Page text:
On October 26, 2016, the Securities and Exchange Commission (SEC) proposed amendments (1) to the proxy rules that would require the use of universal proxy cards that include the names of all board of director nominees in contested elections and (2) relating to director election voting options and standards in all solicitations subject to the proxy rules.[1] According to the SEC, the proposal “would allow a shareholder voting by proxy to choose among director nominees in an election contest in a manner that reflects as closely as possible the choice that could be made by voting in person at a shareholder meeting.” 

Use of Universal Proxies

The proposed amendments would require both registrants and dissidents to use separate universal proxies in all non-exempt solicitations in connection with elections where a person or group of persons is soliciting proxies in support of director nominees other than the registrant’s nominees.[2] This will allow shareholders voting by proxy to select the combination of directors of their choice, regardless of whether the director was nominated by the registrant or a dissident person or group.

  •  In order to allow for the use of such universal proxy cards, proposed Rule 14a-4(d)(1)(i) would amend the consent requirement for a “bona fide nominee” to require only consent to being named in “a proxy statement” relating to the registrant’s next meeting of shareholders at which directors are to be elected (rather than “the proxy statement,” as currently provided in Rule 14a-4(d)(4)). The amendment would allow parties in a contested election to include all director nominees on their proxy cards, rather than only those nominees who have consented to being named on that particular party’s proxy card. Without the amendment, complying with the universal proxy card requirement in proposed Rule 14a-19, discussed below, would often require violating the current bona fide nomine consent requirement because registrant nominees rarely consent to being named on a dissident’s proxy card and vice versa.
  • The proposed amendments to Rule14a-4(d) would also eliminate the “short slate rule”, which would no longer be necessary if the proposed amendment to the bona fide nominee consent requirement were adopted.[3]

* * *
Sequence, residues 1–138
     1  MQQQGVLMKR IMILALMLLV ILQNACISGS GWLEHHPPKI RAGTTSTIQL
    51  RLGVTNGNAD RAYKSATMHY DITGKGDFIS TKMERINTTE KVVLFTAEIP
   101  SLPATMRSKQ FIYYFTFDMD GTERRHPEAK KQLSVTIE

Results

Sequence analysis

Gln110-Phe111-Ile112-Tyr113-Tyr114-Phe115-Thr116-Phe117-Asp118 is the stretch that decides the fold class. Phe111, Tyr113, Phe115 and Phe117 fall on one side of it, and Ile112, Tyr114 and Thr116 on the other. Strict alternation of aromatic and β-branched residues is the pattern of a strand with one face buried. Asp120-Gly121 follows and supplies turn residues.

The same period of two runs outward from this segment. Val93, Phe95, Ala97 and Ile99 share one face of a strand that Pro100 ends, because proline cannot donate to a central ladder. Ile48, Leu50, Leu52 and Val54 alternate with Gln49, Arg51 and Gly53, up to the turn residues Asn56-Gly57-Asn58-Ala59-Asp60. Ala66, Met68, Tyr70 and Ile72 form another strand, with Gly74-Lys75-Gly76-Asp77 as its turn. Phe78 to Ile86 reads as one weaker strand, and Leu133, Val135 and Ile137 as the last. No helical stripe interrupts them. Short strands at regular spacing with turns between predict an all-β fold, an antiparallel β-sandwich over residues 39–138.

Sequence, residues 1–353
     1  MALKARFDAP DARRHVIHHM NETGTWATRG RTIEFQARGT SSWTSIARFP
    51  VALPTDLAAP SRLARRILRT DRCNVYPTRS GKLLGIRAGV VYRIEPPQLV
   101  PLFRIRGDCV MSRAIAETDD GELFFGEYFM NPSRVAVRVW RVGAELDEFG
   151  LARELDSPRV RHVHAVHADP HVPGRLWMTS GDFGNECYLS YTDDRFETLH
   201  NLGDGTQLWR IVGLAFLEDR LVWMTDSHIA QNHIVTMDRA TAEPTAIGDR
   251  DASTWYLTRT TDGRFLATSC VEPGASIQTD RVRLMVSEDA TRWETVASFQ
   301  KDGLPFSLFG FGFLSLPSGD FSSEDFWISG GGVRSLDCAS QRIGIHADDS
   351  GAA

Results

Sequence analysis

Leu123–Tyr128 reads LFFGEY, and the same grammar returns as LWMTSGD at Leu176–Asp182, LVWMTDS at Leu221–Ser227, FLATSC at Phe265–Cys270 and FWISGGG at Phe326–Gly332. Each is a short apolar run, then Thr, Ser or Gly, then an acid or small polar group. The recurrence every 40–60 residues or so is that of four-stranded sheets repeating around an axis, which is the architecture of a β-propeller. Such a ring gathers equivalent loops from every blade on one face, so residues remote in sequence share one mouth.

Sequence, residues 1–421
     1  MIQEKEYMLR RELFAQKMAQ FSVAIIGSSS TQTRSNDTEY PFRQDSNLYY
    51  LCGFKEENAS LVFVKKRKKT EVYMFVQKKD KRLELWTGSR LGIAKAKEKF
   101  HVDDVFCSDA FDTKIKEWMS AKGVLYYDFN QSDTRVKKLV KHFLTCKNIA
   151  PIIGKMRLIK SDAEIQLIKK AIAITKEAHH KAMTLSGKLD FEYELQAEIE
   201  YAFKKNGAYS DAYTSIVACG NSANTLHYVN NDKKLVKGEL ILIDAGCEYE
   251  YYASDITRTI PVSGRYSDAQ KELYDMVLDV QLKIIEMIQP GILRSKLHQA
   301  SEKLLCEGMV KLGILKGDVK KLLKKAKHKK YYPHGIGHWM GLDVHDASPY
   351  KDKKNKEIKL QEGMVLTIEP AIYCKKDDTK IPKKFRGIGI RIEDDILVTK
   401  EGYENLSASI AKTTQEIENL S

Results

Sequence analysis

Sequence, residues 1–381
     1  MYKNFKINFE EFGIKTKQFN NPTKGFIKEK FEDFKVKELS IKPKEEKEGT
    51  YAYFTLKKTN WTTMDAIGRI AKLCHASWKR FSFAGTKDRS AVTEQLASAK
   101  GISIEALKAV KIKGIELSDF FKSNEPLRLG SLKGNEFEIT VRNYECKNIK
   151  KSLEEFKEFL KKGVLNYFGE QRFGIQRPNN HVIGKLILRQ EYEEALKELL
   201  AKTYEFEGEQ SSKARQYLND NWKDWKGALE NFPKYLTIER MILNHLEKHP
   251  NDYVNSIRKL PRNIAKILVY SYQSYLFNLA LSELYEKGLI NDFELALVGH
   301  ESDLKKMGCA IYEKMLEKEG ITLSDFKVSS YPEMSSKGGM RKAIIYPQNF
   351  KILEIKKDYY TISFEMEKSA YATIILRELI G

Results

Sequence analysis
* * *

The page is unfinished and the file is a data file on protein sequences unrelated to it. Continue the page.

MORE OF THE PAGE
•  Proposed Rule 14a-19(e) would require that proxy cards used in a non-exempt solicitation[4] in connection with a contested election include the names of all duly nominated candidates for election to the board.[5]
  • Proposed Rule 14a-19(c) would impose deadlines by which the dissident must notify the registrant of its intended nominees (for example, at least 60 calendar days prior to the anniversary of the previous year’s annual meeting date, assuming the registrant held an annual meeting during the previous year and the meeting date has not changed by more than 30 days from the previous year).[6] The dissident would then have to promptly notify the registrant of any changes to its nominees or its intent to comply with Rule 14a- 19 for purposes of its solicitation. Such notice requirements would be in addition to those provided in the registrant’s governing documents.
  • Similarly, proposed Rule 14a-19(d) would then require the registrant to provide the dissident with the names of its nominees at least 50 calendar days prior to the anniversary of the previous year’s annual meeting date, assuming the registrant held an annual meeting during the previous year and the meeting date has not changed by more than 30 days from the previous year. The registrant would likewise be required to notify the dissident of any changes to its proposed nominees. Additionally, the proposed Rules would require a registrant’s proxy statement to advise its shareholders on how it will treat votes in favor of the dissident’s nominees if the dissident ultimately abandons its solicitation or fails to comply with the requirements of proposed Rule 14a-19.[7]
  •  While the current proxy rules do not require a dissident to solicit any particular number or percentage of shareholders, proposed Rule 14a-19 would require the dissident to solicit holders of shares representing at least a majority of the voting power of shares entitled to vote on the election of directors, and to state as much in both its notice to the registrant and its proxy materials.
  •  The dissident in a contested election would be required to file its definitive proxy statement with the Commission by the later of 25 calendar days prior to the meeting date or five calendar days after the registrant files its definitive proxy statement.